As I sat with a client recently, we discussed the knee-jerk reactions that occurred in the wake of the presidential election. First, the world markets were down heavily overnight, but on the following day, once the US trading session was done, the markets closed on an upward swing and proceeded to rally. For about 5 weeks after the election, a stock portfolio would have done quite well, and then meandered around from there. Bonds, on the other hand, were slammed.
Both results were due to emotional, automatic responses to possibility. They weren’t reactions to new or active change. They were reactions to expectations.
We’ve seen markets react negatively to social media – not actual news or financial reports, but commentary that may or may not be founded on fact. We’ve seen the stock prices of large companies like Boeing or Ford targeted by tweets and the resulting downward turn in their price and yet… after time has passed and the short attention span of social media pundits transfers to another company, we find that the initial response didn’t end up being the right one.
You can’t base an investment strategy on rhetoric, emotion, and expectations.
Knee-jerk reactions happen to all of us – in the words of English rock band Level 42, “we’re only human after all’. What can set you apart is whether you choose to follow that initial response and turn it into action.
For instance, if you have properly constructed a diversified portfolio, at any given time you’re going to have both winners and losers. You’re not going to have all winners – that’s not how a diversified portfolio works. If you are trying to control volatility and establish a steady rate of return that will help you meet your financial goals, then you’re going to see some investment vehicles riding high while others ride low.
When you review your statement, though, what is the first thing that you consider? Like most people, you will likely question whether or not it makes sense to keep the loser. Should you sell it now? Should you move the funds somewhere else, perhaps to this winner you happen to be holding, the one that has been trending upwards since your last review?
Some of your investments are going to be up while others are down, and then they are going to change places. Most investors have had an experience of selling something that was dogging their portfolio, only to kick themselves a year later when they watched it soar.
As we move forward into 2017, will the reality be anything close to the reaction?
Uncertainty is everywhere right now. For long-term investors, uncertainty can actually be a positive signal. If there is more pessimism than optimism, then this could set the stage for a potential upswing. Taking a contrarian perspective, and moving against the crowd, lends itself to opportunity.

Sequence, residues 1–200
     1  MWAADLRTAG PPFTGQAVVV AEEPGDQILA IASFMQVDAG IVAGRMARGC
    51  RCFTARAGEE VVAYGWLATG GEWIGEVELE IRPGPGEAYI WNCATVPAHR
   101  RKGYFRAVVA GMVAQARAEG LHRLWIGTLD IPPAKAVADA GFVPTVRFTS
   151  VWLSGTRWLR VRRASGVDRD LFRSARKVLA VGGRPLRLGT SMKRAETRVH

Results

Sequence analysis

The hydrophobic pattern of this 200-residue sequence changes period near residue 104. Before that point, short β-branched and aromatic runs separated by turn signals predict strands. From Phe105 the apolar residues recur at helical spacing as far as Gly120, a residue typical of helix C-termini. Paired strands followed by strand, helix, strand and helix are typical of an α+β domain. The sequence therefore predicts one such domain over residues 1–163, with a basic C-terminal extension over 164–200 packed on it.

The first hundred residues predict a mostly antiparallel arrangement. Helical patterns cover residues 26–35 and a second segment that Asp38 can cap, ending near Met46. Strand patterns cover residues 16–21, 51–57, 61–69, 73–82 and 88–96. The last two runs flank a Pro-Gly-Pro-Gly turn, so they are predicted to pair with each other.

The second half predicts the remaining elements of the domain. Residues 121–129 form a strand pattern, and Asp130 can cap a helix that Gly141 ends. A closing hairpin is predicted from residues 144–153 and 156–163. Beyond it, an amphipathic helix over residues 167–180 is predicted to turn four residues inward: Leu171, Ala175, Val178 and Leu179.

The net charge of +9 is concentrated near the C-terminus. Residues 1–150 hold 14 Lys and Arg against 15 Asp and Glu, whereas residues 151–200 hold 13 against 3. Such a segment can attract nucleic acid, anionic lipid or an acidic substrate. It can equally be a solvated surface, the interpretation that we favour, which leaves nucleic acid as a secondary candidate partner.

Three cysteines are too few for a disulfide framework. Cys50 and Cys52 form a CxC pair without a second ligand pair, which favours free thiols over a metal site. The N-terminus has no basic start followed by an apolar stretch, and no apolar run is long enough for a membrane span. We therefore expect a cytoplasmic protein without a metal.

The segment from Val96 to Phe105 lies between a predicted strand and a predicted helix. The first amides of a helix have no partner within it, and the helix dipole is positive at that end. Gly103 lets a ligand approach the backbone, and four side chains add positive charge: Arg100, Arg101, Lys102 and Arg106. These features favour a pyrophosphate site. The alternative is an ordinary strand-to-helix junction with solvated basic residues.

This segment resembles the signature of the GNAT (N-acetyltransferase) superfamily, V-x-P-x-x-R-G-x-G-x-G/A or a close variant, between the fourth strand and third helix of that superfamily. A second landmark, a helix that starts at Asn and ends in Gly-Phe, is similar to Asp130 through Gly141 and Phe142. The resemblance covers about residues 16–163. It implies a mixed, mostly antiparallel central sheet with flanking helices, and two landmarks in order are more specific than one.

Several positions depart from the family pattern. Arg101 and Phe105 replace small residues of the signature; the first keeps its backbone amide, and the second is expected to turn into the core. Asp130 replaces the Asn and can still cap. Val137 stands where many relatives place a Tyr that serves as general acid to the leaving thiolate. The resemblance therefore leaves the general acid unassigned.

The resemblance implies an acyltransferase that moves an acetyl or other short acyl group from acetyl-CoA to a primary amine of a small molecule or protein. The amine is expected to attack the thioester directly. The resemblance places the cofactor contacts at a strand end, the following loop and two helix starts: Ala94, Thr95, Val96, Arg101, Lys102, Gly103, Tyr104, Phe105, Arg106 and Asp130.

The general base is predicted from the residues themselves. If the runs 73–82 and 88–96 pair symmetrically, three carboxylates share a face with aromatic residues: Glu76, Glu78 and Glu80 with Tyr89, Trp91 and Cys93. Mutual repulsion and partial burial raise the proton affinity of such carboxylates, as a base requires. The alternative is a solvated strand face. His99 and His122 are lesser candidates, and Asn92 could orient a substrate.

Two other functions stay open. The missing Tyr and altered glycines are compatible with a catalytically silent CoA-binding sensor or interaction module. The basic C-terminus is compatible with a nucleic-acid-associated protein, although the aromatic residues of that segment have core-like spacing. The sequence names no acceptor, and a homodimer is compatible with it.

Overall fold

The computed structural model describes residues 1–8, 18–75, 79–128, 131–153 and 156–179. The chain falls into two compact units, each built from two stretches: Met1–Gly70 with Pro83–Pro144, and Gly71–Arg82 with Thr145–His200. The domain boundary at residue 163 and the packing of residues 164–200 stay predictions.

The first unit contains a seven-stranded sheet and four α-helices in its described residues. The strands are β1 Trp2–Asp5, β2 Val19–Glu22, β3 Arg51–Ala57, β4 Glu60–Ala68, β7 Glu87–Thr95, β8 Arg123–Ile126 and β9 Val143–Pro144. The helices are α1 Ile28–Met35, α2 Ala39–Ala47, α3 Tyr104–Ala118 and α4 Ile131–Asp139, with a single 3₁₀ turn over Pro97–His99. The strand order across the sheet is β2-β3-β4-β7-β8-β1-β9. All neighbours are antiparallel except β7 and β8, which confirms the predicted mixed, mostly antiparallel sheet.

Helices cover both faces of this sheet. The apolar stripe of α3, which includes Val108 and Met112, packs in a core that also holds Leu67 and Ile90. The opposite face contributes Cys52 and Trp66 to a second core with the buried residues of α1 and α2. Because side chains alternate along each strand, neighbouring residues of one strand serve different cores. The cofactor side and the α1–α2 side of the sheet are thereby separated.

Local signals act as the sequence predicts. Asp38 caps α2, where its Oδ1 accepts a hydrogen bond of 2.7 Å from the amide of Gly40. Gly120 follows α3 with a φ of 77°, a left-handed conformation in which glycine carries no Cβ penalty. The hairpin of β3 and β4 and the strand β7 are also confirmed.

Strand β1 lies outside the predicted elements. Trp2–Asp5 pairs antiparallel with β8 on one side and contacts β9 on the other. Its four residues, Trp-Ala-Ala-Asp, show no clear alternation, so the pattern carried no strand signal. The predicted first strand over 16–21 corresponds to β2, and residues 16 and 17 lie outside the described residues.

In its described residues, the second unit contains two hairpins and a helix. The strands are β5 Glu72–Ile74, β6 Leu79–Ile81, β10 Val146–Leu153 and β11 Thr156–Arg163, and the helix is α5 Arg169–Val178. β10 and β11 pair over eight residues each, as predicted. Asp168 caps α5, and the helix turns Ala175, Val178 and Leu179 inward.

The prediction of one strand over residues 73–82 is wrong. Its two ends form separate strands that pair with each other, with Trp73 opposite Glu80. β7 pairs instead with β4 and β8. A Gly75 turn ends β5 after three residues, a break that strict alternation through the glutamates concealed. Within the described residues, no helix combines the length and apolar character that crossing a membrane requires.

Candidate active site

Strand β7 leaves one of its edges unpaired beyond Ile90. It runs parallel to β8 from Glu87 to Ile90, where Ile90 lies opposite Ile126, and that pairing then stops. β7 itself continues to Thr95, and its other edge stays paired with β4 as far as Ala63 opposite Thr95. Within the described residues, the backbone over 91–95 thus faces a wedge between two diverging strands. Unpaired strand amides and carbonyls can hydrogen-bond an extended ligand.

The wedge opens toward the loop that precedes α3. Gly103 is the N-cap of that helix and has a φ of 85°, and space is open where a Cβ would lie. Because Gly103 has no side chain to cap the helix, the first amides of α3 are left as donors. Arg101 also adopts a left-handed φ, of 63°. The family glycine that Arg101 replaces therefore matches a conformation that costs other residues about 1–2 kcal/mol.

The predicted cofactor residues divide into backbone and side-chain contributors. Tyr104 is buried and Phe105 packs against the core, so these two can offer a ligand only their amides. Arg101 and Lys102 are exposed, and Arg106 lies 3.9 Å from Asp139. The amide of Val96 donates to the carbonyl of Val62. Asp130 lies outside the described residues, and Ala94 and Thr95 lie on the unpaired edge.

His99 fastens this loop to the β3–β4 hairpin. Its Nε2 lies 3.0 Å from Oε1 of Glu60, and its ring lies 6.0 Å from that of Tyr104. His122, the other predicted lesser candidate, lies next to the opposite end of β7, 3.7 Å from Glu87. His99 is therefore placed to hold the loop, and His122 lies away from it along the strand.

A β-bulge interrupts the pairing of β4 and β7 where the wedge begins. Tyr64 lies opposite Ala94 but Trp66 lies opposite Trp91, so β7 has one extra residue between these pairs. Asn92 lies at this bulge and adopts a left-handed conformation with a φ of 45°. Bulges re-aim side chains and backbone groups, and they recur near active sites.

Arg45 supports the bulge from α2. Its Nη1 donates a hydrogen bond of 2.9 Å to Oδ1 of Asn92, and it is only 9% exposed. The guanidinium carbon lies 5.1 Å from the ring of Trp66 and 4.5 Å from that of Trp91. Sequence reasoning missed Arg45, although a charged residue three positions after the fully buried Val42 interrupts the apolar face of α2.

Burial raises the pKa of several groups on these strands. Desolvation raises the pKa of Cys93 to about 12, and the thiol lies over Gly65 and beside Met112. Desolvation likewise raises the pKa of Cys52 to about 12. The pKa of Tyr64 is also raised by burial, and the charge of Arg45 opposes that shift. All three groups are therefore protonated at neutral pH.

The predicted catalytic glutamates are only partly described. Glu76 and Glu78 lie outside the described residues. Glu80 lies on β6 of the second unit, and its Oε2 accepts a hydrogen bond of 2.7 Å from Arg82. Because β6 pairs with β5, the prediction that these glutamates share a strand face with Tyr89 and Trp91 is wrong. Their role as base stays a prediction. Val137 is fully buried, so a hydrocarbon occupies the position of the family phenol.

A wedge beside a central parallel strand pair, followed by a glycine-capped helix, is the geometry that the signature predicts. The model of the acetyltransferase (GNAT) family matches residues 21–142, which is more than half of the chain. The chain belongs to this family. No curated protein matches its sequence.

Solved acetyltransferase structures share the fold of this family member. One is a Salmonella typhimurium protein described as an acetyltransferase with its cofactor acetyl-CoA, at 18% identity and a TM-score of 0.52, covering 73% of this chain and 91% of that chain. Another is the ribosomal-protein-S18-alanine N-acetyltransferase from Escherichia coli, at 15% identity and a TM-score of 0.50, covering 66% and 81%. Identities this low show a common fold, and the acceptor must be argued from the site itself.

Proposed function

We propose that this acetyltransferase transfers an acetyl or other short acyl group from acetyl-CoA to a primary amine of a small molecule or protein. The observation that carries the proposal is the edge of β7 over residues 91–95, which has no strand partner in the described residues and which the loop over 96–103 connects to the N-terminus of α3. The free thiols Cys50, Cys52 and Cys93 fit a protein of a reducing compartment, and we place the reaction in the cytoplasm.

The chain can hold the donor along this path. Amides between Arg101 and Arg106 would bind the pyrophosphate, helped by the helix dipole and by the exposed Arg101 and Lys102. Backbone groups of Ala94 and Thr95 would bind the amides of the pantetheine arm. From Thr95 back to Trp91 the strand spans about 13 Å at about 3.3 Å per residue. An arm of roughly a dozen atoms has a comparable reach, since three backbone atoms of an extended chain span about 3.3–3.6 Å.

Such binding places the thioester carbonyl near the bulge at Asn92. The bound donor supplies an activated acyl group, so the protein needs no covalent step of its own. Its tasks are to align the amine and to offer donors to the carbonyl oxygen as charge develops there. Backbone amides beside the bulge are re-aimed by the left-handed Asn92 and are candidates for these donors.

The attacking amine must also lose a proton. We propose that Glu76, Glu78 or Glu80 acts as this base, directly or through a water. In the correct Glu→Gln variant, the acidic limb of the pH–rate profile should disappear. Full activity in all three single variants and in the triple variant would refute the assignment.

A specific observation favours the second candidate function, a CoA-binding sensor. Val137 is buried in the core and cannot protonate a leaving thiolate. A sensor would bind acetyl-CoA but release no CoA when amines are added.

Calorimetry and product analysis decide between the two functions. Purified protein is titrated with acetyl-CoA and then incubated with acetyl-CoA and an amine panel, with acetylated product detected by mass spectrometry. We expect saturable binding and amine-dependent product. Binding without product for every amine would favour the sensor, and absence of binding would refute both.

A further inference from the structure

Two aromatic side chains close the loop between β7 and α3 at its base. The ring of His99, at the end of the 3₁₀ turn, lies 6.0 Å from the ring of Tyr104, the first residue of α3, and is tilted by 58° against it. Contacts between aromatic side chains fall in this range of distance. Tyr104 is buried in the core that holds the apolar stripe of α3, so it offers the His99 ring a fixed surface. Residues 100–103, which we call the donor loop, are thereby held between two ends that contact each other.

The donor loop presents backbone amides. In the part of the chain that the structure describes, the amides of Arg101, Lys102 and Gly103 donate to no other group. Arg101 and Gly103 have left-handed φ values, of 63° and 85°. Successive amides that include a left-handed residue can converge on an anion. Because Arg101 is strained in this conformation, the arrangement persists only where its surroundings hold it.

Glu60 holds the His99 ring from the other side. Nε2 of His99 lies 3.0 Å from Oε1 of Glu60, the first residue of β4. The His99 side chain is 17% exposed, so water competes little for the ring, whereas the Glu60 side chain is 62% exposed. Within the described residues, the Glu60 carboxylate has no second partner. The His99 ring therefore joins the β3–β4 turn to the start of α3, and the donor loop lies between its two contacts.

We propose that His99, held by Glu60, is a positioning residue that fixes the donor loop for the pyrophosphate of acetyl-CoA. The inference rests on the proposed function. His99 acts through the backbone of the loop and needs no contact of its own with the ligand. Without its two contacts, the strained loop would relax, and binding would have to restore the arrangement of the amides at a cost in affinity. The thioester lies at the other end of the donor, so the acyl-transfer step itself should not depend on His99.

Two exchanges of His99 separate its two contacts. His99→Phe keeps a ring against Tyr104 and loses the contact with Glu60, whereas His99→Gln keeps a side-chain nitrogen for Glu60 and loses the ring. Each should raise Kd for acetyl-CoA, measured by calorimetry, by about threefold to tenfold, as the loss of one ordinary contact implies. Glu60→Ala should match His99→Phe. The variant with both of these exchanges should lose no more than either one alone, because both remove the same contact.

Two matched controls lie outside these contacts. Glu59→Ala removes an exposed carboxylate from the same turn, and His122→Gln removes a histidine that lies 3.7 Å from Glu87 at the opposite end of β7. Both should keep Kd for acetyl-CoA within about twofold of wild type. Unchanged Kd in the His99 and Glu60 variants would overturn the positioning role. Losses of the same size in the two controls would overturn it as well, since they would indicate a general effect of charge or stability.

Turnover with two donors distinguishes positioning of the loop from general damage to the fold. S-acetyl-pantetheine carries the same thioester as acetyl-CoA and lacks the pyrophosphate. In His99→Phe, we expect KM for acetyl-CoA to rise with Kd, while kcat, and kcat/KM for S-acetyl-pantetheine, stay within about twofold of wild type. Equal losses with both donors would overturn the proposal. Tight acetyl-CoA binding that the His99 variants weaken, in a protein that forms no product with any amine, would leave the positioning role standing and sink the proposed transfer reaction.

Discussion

While this is obvious in theory, it can be very difficult to put into practice.
The easy trade, the trade that people want to jump on, is the one that just went up 15%. The hardest trade – the one that pays off – is the counterintuitive one. It can be incredibly hard to sell after that 15% leap, and buy an investment that has taken a beating. The harder it is to buy something, the greater the likelihood that it will end up being the right choice.
What if you decided to invest in the S&P500’s top 10 highest market cap stocks, and hold them indefinitely? How would they perform, versus the index overall?
The results of this strategy are not what most people would expect. The reality is that the highest market cap stocks, the ones that have been driven into the stratosphere, got there by becoming everyone’s favorite stock at some point. Universally loved. If you happen to invest into it at that point, who is available to drive the price continually higher?
Over the long term, your real return since 1972 would have been 548%. If, on the other hand, you had invested in the entire index over that same period, the return would have been 7991%.
Going along for the ride, picking the famous names, the ones everyone is investing in, is often the wrong choice.
You have to watch out for the emotions that occur at the extremes. Whether markets are moving upwards, or falling back, or if sentiment is uncertain, fearful, or even incredibly positive, you need to stop and ask yourself if the actions you are contemplating are being driven by the correct sets of data.
What is the value situation? What is the fundamental view? What is the technical view?
It’s more difficult to put into practice than most people realize. Think gold about five years ago, they were pushing for 2000 and now it’s dropped all the way to 1000. There were people buying gold hand over fist… convinced that it would continue to climb. Now they’re saying they bought it for insurance.
– Greg Stewart, CIO